Research Paper Volume 13, Issue 22 pp 24795—24814
Identification of pyroptosis-related signature for cervical cancer predicting prognosis
- 1 Department of Gynecology, Southern Medical University Affiliated Maternal and Child Health Hospital of Foshan, Foshan 528000, Guangdong, China
- 2 Department of Maternity Centre, Southern Medical University Affiliated Maternal and Child Health Hospital of Foshan, Foshan 528000, Guangdong, China
Received: August 29, 2021 Accepted: October 28, 2021 Published: November 27, 2021https://doi.org/10.18632/aging.203716
How to Cite
Copyright: © 2021 Zhou et al. This is an open access article distributed under the terms of the Creative Commons Attribution License (CC BY 3.0), which permits unrestricted use, distribution, and reproduction in any medium, provided the original author and source are credited.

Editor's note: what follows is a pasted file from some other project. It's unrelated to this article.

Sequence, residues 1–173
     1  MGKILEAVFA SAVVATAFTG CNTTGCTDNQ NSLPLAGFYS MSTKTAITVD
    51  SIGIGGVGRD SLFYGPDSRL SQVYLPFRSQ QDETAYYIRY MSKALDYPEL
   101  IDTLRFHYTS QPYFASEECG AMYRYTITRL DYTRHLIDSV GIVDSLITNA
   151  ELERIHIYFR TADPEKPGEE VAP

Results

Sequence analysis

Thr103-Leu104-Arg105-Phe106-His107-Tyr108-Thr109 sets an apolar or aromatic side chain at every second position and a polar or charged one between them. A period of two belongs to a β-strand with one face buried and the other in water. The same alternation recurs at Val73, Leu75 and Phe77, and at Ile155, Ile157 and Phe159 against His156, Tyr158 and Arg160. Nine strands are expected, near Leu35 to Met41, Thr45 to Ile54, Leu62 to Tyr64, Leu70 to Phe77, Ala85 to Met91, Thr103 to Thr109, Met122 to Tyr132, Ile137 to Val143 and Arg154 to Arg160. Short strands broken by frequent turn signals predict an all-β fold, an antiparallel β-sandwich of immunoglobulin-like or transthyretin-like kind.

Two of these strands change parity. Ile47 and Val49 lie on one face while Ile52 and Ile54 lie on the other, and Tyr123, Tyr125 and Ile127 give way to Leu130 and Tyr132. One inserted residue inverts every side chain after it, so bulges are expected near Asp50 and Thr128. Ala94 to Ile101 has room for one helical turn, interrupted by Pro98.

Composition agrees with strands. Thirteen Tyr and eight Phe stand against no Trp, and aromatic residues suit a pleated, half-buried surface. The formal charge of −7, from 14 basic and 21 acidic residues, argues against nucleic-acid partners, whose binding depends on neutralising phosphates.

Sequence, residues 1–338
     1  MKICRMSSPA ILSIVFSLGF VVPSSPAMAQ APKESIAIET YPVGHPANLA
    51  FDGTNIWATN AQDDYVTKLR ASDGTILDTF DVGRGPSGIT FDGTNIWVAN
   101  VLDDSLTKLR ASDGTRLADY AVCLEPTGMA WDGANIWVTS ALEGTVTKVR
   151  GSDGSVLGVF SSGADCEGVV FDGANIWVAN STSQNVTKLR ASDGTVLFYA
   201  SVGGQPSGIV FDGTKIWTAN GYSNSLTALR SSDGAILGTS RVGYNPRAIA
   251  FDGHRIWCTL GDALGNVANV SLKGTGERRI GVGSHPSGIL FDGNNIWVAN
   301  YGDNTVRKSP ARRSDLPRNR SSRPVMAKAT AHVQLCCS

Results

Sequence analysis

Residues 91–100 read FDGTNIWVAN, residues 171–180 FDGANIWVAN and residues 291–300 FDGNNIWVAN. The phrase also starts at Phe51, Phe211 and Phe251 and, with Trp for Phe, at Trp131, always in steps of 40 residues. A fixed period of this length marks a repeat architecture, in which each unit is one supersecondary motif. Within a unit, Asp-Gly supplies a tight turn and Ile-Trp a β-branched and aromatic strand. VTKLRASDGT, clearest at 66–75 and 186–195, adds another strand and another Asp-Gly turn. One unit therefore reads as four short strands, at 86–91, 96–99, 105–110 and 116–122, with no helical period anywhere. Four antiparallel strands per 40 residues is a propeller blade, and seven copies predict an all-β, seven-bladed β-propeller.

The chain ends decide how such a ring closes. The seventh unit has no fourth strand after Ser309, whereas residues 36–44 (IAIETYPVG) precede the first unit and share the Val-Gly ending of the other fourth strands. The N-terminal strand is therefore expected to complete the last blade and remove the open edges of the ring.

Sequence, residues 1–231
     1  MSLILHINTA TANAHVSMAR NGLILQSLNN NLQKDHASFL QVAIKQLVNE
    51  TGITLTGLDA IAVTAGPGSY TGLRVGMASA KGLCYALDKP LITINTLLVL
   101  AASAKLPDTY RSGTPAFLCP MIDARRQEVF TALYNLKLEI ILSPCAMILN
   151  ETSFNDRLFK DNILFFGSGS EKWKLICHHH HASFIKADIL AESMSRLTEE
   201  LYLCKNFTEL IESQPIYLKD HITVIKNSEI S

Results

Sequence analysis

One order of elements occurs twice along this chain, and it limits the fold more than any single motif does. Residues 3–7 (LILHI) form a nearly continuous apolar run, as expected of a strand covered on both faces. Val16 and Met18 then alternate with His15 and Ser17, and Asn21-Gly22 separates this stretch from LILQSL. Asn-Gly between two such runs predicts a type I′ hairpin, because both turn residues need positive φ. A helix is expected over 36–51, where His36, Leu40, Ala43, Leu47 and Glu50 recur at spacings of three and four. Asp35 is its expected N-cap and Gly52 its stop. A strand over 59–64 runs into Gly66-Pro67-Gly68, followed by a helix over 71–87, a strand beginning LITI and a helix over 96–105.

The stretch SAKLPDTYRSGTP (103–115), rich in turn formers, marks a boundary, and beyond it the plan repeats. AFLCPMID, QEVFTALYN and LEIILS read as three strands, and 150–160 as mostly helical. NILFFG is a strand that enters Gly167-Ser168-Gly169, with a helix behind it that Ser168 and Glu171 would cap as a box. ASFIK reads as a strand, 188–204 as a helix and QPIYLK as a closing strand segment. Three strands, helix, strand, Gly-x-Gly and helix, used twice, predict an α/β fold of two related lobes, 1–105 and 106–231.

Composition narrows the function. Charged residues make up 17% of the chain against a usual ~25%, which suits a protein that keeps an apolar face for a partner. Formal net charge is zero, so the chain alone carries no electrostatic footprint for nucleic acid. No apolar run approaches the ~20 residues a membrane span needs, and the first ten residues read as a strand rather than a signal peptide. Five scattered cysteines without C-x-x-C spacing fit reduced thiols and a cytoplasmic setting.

Cervical cancer (CC) is one of the most common malignancies encountered in gynecology practice. However, there is a paucity of information about specific biomarkers that assist in the diagnosis and prognosis of CC. Pyroptosis is a form of programmed cell death whose different elements are related to the occurrence, invasion, and metastasis of tumors. However, the role of pyroptosis phenomena in the progression of CC has not yet been elucidated. This study focuses on the development of a pyroptosis-associated prognostic signature for CC using integrated bioinformatics to delineate the relationships among the signature, tumor microenvironment, and immune response of the patients. In this respect, we identified a prognostic signature that depends on eight pyroptosis-related genes (PRGs) that designate with better prognostic survival in the low-risk group (P<0.05) and where AUC values were greater than 0.7. A multi-factor Cox regression analysis indicated that such a signature could be used as an independent prognostic factor, and both the DCA and the Nomogram suggested that the proposed prognostic signature had good predictive capabilities. Interestingly, this prognostic signature can be applied to multiple tumors and thus, is versatile from a clinical point of view. In addition, there were significant differences in the tumor microenvironment and immune infiltration status between the high- and low-risk groups (P<0. 05). The core gene granzyme B (GZMB) was screened and the CC-associated regulatory axis, GZMB/ miR-378a/TRIM52-AS1, was constructed, which may promote CC progression, and further experimentation is needed to validate these results.